The Secret to Successful Sales Presentations: Leave Nothing to Chance

Matthew Paine

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As I pack my bag for a sales trip, I load what I consider to be essentials:

  • Advil, Excedrin and allergy medication for on-the-road aches, pains and congestion;
  • Extra shoelaces in black, brown and white (for my running shoes);
  • Black shoe polish to give my dress shoes an extra sparkle;
  • Buttons and sewing kit for quick apparel repairs;
  • The remote I will use to advance the slides and extra batteries to power it; and
  • Cords, plugs and adaptors for every conceivable outlet and connection.

Consider me obsessive to be carrying around a traveling CVS store? I’d rather think of it as being prepared for anything.

Matt Paine GWG
Matthew Paine

For me, preparation and practice are the most important aspects of the sales process. The two disciplines go hand-in-hand: practicing a task over and over is an essential part of the preparation that gives you the confidence to focus on the task ahead.

Practice may not make perfect. Perfection, in my opinion, is a life-long pursuit that will never be achieved but something I am always striving to achieve. But, practice prepares you and allows you to anticipate and avoid mistakes that can sabotage a great presentation.

In my preparation, I apply the philosophy that “the bus that kills you is the one you don’t see.” I want to anticipate any issue I may face whether it’s an unusual connector for a projector, a dimly lit room or a tear in my pants. Often, those little issues can become nagging distractions that can throw you off your game. Some people may think of this as a distraction in itself, but I don’t look at it that way. Going over every element prior to my presentation from equipment and room logistics to my introduction to the close of the actual presentation means there are no surprises and distractions.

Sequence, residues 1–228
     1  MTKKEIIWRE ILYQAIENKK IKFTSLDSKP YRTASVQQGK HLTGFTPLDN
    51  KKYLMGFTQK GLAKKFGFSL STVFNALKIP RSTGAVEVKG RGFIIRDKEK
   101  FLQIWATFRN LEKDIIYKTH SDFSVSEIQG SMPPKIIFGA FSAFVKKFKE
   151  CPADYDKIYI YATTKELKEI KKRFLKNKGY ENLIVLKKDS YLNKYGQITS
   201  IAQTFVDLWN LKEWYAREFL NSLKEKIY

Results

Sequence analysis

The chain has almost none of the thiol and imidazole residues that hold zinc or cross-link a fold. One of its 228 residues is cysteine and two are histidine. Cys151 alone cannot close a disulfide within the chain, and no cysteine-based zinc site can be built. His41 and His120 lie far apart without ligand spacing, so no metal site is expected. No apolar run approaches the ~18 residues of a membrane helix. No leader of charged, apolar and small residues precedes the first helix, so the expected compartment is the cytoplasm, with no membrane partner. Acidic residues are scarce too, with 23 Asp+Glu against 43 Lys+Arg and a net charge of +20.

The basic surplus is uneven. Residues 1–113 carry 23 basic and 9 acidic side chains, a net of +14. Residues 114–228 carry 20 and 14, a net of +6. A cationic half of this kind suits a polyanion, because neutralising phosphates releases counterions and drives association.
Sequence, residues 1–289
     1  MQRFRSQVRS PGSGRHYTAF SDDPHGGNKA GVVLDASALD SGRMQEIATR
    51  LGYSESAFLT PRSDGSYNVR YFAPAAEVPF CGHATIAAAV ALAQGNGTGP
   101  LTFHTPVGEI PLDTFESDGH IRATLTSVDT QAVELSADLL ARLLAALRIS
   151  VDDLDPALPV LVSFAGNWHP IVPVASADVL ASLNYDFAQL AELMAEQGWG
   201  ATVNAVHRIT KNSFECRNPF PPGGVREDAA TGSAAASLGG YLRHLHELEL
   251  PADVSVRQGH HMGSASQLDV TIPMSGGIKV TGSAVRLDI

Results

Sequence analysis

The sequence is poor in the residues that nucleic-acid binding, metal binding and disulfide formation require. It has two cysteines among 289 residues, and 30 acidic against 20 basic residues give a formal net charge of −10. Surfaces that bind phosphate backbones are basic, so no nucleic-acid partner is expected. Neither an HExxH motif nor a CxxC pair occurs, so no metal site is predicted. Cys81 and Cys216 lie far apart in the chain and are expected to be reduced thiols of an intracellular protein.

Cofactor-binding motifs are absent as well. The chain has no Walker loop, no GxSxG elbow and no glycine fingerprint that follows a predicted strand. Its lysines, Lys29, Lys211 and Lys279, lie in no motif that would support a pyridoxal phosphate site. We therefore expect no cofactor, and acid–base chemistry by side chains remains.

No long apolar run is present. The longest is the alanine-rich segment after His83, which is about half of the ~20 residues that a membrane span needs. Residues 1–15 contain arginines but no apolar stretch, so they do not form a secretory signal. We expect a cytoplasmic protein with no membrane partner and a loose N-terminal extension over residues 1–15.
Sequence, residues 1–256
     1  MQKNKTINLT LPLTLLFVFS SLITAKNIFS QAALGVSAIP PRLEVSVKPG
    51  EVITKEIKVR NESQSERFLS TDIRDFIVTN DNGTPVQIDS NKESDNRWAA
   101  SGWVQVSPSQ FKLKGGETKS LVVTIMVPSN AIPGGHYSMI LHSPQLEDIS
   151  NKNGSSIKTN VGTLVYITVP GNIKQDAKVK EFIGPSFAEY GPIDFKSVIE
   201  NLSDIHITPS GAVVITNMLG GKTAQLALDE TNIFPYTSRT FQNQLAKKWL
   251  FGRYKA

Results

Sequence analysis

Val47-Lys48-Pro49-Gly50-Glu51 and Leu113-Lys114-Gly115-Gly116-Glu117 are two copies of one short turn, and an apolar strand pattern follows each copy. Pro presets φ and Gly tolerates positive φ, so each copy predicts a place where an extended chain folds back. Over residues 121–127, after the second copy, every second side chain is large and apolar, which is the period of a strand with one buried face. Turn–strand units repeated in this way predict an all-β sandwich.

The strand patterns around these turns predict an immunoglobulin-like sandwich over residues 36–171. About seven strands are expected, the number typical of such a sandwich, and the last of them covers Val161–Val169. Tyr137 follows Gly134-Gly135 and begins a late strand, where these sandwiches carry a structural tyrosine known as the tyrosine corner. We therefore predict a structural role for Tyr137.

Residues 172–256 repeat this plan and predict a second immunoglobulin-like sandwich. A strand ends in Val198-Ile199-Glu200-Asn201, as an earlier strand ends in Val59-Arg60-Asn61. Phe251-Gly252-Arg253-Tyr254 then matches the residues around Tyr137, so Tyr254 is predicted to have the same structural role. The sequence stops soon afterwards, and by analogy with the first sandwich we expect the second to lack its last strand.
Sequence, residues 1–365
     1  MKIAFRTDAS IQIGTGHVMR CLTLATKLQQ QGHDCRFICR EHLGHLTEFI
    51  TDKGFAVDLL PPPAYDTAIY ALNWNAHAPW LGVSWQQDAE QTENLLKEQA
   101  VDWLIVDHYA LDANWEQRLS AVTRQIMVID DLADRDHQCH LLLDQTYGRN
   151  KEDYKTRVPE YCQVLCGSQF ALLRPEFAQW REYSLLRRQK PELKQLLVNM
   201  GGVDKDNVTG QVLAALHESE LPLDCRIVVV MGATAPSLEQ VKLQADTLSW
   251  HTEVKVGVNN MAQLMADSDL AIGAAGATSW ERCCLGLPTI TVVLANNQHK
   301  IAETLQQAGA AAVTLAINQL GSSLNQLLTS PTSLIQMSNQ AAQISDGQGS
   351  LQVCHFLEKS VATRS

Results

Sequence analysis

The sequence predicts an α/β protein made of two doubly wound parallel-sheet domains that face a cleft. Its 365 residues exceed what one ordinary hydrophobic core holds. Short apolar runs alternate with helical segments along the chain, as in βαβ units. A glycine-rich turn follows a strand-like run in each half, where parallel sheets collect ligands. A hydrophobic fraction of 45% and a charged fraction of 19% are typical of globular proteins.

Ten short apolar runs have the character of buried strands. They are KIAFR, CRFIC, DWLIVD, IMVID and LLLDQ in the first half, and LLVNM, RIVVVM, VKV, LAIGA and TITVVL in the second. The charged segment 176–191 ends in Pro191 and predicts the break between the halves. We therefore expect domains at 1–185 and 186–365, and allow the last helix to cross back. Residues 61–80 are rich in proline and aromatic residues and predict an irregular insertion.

Practice is the flipside to this strategy. I believe in taking the approach the pros use: while amateurs practice to get it right, the pros continue to practice to not get it wrong. The key word in the last sentence is continue. Consider the pro football player who practices and studies films for hours each day during the season, all for what can be less than 10 minutes of playing time a week. They work that hard to be unconsciously competent at the incredible physical tasks they perform in each game. When your reputation is on the line, as it is in every interaction you have, you don’t ever want to leave anything to chance.

Consider me obsessive to be carrying around a traveling CVS store? I’d rather think of it as being prepared for anything.

Matthew Paine

It pains me to watch “experts” in our industry present information to audiences and stumble during their presentations or simply give a poor performance. Your clients deserve your “A” game every time. Any time you aren’t giving your best, you are doing an injustice to yourself and your clients. You need to ask yourself: Why do you continue NOT to practice your presentations regularly? Why do you NOT take the time to prepare and practice your client meetings regularly?

Here are some preparation and practice tips for you to consider that can keep you on your game:

  • Set aside time to rehearse that won’t interfere with your business routine. I rehearse my presentations when I’m out running. If you’re not a runner, the car is a great place to practice. It’s a contained space that, during drive time, can be a perfect environment to work out the kinks of a presentation and pitch.
  • Practice in front of people who don’t know the subject matter and take their feedback seriously. This forces you to move away from the jargon and acronyms so many use as a way to sound smarter than they really are.
  • Record your practice sessions on your phone and play them back to find the places you can make improvements. Think about how you come across when you’re presenting – you should project energy and confidence in presentation. That is enhanced by smiling, making eye contact with your listeners, and varying your pace to emphasize important points. Keep the length of your presentation to the most important actionable information and use extra time for questions and answers.
  • Clear your schedule 15-20 minutes prior to a meeting and don’t overbook yourself with back-to-back meetings that can sap your energy. It’s better to have five great meetings per day than eight mediocre meetings.
  • Try to never walk into a room cold, not knowing what the sight lines look like, how it sounds and how close the audience is to you. If it’s a conference, check out other presenters to see what works and, as important, what doesn’t.
  • Over-research your audience and think through your responses to all the ways the conversation can go.
  • Always arrive early to a meeting and follow the UCLA coach John Wooden direction: Be quick, but don’t hurry.

In the end, the equation is this: full preparation plus practice equals confidence. The more confident you are in your presentation, the more effective your presentation will be and the easier it will be to make the sale. That’s the best return on investment for your time and energy you can make. So, get started!

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